George Adams (musician)

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For other people named George Adams, see George Adams (disambiguation).
George Adams
George Adams (Sax).jpg
Adams performing on July 6, 1976 in New York City
Background information
Birth name George Rufus Adams
Born (1940-04-29)April 29, 1940
Covington, Georgia, United States
Died November 14, 1992(1992-11-14) (aged 52)
New York City, United States
Genres Jazz, hard bop, post-bop, avant-garde jazz
Occupation(s) Musician, composer
Instruments Tenor saxophone, flute, bass clarinet
Labels Blue Note, Atlantic, Timeless, Soul Note, Palcoscenico, Horo
Associated acts Charles Mingus, Don Pullen, Gil Evans, Roy Haynes, Dannie Richmond, Cameron Brown, John Scofield, McCoy Tyner, James Blood Ulmer, Phalanx

George Rufus Adams (April 29, 1940 Covington, Georgia – November 14, 1992 New York City)[1] was an American jazz musician who played tenor saxophone, flute and bass clarinet. He is best known for his work with Charles Mingus, Gil Evans, Roy Haynes and in the quartet he co-led with pianist Don Pullen, featuring bassist Cameron Brown and drummer Dannie Richmond. He was also known for his idiosyncratic singing.[2]


George Adams' musical style was rooted in the blues and in primarily that of African-American popular music. As a saxophonist his greatest influences seem to have been Rahsaan Roland Kirk, with whom he played in Mingus's band on occasion, as well as the adventurous edginess of John Coltrane and Albert Ayler. He played with tremendous intensity and passion, as well as lyricism and subtlety. At times he bent over backwards when playing, almost ending up on his back. His singing varied from wild wailing blues to ballads.[citation needed]

Adams and Don Pullen shared a musical vision and their quartet straddled the range from R&B to the avant-garde. (The quartet was sometimes known as the "George Adams–Don Pullen Quartet", and sometimes as the "Don Pullen–George Adams Quartet".) After Adams' death, Pullen dedicated to his memory the 1993 CD Ode To Life, recorded by his African-Brazilian Connection, and in particular the ballad "Ah George, We Hardly Knew Ya".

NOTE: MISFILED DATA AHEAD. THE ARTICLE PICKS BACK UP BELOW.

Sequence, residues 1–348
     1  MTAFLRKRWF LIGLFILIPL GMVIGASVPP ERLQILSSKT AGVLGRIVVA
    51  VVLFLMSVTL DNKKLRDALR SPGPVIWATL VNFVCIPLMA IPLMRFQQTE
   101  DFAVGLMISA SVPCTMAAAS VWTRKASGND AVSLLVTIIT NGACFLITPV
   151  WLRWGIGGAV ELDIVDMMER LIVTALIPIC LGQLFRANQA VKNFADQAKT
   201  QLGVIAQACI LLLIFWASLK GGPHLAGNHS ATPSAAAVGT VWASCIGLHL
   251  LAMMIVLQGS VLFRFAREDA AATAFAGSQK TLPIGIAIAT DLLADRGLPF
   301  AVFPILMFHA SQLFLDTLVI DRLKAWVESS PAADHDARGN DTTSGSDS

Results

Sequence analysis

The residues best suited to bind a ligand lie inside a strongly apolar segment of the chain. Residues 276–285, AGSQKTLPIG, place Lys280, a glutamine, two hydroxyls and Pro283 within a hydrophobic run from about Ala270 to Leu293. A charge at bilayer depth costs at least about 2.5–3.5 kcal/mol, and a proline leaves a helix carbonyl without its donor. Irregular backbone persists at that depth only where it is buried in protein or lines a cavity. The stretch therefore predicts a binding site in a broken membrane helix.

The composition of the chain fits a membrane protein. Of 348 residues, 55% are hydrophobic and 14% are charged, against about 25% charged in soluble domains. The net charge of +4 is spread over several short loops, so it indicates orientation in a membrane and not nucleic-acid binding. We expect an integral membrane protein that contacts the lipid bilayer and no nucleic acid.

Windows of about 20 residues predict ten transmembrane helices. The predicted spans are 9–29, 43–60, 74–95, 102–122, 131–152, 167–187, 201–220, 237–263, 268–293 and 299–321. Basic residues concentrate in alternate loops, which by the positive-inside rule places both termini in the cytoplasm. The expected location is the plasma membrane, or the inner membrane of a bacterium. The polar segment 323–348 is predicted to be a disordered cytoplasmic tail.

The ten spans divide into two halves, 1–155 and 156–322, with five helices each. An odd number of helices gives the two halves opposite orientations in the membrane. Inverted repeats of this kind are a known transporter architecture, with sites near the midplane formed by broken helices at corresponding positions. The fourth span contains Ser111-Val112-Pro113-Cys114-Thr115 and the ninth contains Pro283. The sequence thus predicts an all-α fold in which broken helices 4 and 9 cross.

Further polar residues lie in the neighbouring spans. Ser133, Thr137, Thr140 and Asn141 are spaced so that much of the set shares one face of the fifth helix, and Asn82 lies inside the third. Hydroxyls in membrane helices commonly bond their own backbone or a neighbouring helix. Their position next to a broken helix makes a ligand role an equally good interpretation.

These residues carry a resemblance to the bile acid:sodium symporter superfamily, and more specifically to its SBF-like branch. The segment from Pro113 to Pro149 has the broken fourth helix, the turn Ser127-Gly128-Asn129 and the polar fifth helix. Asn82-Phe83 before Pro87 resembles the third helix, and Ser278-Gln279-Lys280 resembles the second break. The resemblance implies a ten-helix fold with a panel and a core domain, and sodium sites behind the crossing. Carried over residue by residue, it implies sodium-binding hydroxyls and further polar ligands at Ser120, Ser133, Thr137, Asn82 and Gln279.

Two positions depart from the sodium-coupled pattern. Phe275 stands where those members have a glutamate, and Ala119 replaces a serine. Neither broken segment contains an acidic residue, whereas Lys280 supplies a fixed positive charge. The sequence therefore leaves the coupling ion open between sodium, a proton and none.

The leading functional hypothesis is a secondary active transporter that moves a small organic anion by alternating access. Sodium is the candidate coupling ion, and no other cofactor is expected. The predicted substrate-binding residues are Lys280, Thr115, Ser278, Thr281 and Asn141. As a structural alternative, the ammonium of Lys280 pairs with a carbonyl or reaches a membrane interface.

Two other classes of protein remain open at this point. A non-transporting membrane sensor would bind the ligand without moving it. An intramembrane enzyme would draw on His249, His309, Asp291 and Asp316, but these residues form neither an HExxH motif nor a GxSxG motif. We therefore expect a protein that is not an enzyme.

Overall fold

One of Adams' last recordings was America on the Blue Note label. This album consists of classic American songs like "Tennessee Waltz", "You Are My Sunshine" and "Take Me Out to the Ballgame" as well as a few original songs that articulate Adams' positive view of his country and the gifts it had given him. It also includes "The Star-Spangled Banner" and "America the Beautiful".

Adams was a member of the band that played Epitaph by Charles Mingus.

George Adams in Half Moon Bay, CA with the George Adams-Don Pullen Quartet, including Cameron Brown and Dannie Richmond, 3/13/88. Photo: Brian McMillen


As leader[edit]

As the George Adams-Don Pullen Quartet[edit]

As sideman[edit]

With Gil Evans

With Craig Harris

With Roy Haynes

With Cecil McBee

With Charles Mingus

With Don Pullen

With James Blood Ulmer

With McCoy Tyner

With Phalanx

  • 1986 Got Something Good For You
  • 1988 Original Phalanx
  • 1988 In Touch


  1. ^ Priestley, Brian; Kernfeld, Barry (2002). "Adams, George (Rufus)". In Barry Kernfeld. The new Grove dictionary of jazz (2nd ed.). New York: Grove's Dictionaries Inc. p. 12. ISBN 1561592846. 
  2. ^ Allmusic